Amidst the various state shutdowns we keep hearing from governors and other state officials that public health and the economy need to be managed simultaneously and you can’t have one without the other.
I agree, but not enough attention has been placed upon that belief because, for the most part, economic considerations have been cast aside. In most cases the response has been, “We will be convening a committee.”
Granted, the governors need to be focused on prevention and rectification of COVID-19 cases, but they shut down almost everything without giving much concern for damaging or re-starting the economic engine despite access to the considerable number of bright minds in various economic and health functions of the states’ sometimes oversized governments and the willingness of academic and business leaders (like me) more than willing to volunteer and participate in discussions about how to gradually and safely start the economy.
Trust the resources available. And, while doing so, trust those who run American enterprises, large and small.
You can’t help but feel that many governors have never really immersed themselves in the operations of the private sector. The dog-and-pony shows that they get at ribbon cuttings and press conferences have done little to educate them on the finer nuances of what actually happens on the shop floor or behind the scenes.
If they did have even a passing understanding they would know that businesses manage health and economic functions as a normal part of their business.
Take Confer Plastics for example.
Many readers of this column have toured the plant as members of local organizations or they went through the factory during our various anniversary open houses — a community celebration of our 50th will be coming up in just a few years. You might even have seen us on TV news reports.
While doing so, you saw swimming pool and spa supplies, docks, kayaks, and more being produced by very large machines and being finished by our excellent team of coworkers.
So, you know the environment in which they work and that should give you insight into the limitless safety protocols that are necessary to ensure their safety. The mammoth machines are powered by 440 volts, have tons of hydraulic pressure, and generate considerable heat.
There are moving parts and auxiliary equipment galore that require safety features and training. My team has to understand personal protective equipment, safe lifting and much more.
As the owner of the business it is my responsibility — and a power entrusted in me by local, state, and federal governments, and my coworkers, to make sure they are safe.
But, I don’t do it alone. Safety is a team effort.
We have an open door policy. Thirty people sit on my safety committee that meets regularly to offer ideas and solutions and follow-up on them.
The various managers train, observe and protect their teams. My coworkers look out for one another. Many take classes and read up on the latest safety procedures to understand how others put controls and training in place.
Every year, I invite the New York State Department of Labor in to conduct an OSHA-style inspection of our various worksites, a true public/private collaboration.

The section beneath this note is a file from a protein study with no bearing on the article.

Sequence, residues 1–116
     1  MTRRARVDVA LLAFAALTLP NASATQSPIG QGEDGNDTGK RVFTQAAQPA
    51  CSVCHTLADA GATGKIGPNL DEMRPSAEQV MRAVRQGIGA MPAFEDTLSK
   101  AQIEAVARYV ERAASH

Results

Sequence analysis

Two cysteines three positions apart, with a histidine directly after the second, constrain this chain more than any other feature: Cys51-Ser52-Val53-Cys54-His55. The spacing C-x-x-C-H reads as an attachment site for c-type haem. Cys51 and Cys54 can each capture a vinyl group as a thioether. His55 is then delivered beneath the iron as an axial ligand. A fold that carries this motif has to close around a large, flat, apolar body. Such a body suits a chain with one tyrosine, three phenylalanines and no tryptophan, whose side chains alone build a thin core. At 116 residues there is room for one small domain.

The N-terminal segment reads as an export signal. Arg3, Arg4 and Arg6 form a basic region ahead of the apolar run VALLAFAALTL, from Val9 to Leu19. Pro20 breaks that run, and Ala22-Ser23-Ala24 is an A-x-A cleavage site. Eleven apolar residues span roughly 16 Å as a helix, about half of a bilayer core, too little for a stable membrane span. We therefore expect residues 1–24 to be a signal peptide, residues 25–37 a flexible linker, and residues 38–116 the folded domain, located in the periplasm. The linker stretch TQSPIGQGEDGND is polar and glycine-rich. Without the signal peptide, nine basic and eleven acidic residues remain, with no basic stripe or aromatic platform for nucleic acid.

We invest a lot of time, energy and money in making sure our “I”s are dotted and our “T”s are crossed when it comes to the well-being of our team.
While what we do might seem special to those who have never worked in industry, most of our brothers and sisters in the US manufacturing world do things along those lines. And, so do other workplaces in other economic sectors, based on the health and safety concerns that exist in their workplaces.
No one wants anyone to get hurt and we — business owners, managers, workers, governments — all try our darnedest to make sure they aren’t.
It might seem foreign to governors who’ve only spent their careers in the public sector but employers do have solutions; they can manage health and be productive at the same time. They always have and they always will.
If employers are provided rules and guidance about keeping their employees and customers safe from Covid-19 they will follow them. They will also make their own internal policies and procedures that will further enhance safety.
We do such things every day. It’s old hat to us.
This is what we, as a society, need to capitalize on in order to get our economy safely back on track under what could be long-lasting concerns over COVID-19. This could be a cyclic or ever-heightened event that changes how we do things for the next two years or more.
Not doing anything is not the answer.
Trust is the answer.
Trust employers to make the right decisions. Never discount the abilities of those living the American Dream when it comes to innovations and adaptations in everything they do.
Managing the coronavirus outbreak is absolutely critical. But, so is getting the economy running in some fashion — whether intermittently, gradually, or in smaller volume.
Both can be accomplished quite well, by the same things that drive safety in our businesses every single day: care, controls, education, teamwork, and public-private partnerships.
Bob Confer is a Daily News columnist and president of Confer Plastics. He can be reached at firstname.lastname@example.org. You can follow him on Twitter @bobconfer.